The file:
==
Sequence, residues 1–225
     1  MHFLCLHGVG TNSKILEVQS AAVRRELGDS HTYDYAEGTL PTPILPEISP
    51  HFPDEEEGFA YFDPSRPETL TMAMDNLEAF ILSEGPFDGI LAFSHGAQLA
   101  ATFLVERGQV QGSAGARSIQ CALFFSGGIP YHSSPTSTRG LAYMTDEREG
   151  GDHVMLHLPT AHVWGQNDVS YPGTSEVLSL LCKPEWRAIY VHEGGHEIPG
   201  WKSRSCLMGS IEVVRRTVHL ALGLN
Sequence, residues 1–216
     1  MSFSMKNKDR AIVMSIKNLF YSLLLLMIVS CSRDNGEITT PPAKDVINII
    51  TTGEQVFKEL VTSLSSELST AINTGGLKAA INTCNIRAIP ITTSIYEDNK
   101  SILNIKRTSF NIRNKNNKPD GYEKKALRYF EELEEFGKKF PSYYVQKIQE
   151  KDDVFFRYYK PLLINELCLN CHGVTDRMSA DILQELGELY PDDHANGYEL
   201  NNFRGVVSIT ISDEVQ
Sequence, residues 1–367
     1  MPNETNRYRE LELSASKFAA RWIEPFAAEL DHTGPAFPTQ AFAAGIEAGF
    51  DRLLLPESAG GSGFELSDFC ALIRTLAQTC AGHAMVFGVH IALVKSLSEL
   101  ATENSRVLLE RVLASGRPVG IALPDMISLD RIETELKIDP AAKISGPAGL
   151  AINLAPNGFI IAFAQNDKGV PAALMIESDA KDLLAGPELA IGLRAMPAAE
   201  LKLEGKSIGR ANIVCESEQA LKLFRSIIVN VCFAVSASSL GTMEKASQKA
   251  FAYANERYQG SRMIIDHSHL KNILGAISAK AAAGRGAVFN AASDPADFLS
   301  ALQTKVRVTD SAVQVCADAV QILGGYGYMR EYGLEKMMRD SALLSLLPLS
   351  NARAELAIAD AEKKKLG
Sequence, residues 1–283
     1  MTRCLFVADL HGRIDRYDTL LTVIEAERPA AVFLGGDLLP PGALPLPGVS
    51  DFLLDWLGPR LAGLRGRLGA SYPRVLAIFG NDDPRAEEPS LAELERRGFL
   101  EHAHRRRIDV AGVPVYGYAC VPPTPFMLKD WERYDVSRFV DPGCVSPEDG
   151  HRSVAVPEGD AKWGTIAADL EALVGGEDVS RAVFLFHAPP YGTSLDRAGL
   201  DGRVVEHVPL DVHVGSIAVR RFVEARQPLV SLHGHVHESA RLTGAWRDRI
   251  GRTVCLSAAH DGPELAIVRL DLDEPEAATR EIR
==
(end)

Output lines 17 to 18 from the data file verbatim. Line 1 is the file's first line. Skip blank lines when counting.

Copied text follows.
   151  AINLAPNGFI IAFAQNDKGV PAALMIESDA KDLLAGPELA IGLRAMPAAE
   201  LKLEGKSIGR ANIVCESEQA LKLFRSIIVN VCFAVSASSL GTMEKASQKA